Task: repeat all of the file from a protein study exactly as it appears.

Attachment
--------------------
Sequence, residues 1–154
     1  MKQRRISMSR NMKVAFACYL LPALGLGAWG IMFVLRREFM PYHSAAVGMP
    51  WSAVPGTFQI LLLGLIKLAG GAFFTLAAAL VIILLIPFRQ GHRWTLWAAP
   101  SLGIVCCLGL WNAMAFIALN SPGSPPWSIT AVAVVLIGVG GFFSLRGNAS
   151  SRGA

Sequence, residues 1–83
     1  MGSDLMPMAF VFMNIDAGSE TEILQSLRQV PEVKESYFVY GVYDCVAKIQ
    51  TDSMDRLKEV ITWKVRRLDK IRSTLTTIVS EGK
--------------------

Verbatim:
Sequence, residues 1–154
     1  MKQRRISMSR NMKVAFACYL LPALGLGAWG IMFVLRREFM PYHSAAVGMP
    51  WSAVPGTFQI LLLGLIKLAG GAFFTLAAAL VIILLIPFRQ GHRWTLWAAP
   101  SLGIVCCLGL WNAMAFIALN SPGSPPWSIT AVAVVLIGVG GFFSLRGNAS
   151  SRGA

Sequence, residues 1–83
     1  MGSDLMPMAF VFMNIDAGSE TEILQSLRQV PEVKESYFVY GVYDCVAKIQ
    51  TDSMDRLKEV ITWKVRRLDK IRSTLTTIVS EGK